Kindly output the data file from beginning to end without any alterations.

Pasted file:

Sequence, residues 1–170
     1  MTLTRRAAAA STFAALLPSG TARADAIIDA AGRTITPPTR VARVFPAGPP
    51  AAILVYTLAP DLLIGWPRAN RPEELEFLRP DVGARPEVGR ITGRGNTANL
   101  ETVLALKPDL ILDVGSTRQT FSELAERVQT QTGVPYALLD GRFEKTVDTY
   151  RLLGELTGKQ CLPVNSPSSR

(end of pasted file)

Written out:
Sequence, residues 1–170
     1  MTLTRRAAAA STFAALLPSG TARADAIIDA AGRTITPPTR VARVFPAGPP
    51  AAILVYTLAP DLLIGWPRAN RPEELEFLRP DVGARPEVGR ITGRGNTANL
   101  ETVLALKPDL ILDVGSTRQT FSELAERVQT QTGVPYALLD GRFEKTVDTY
   151  RLLGELTGKQ CLPVNSPSSR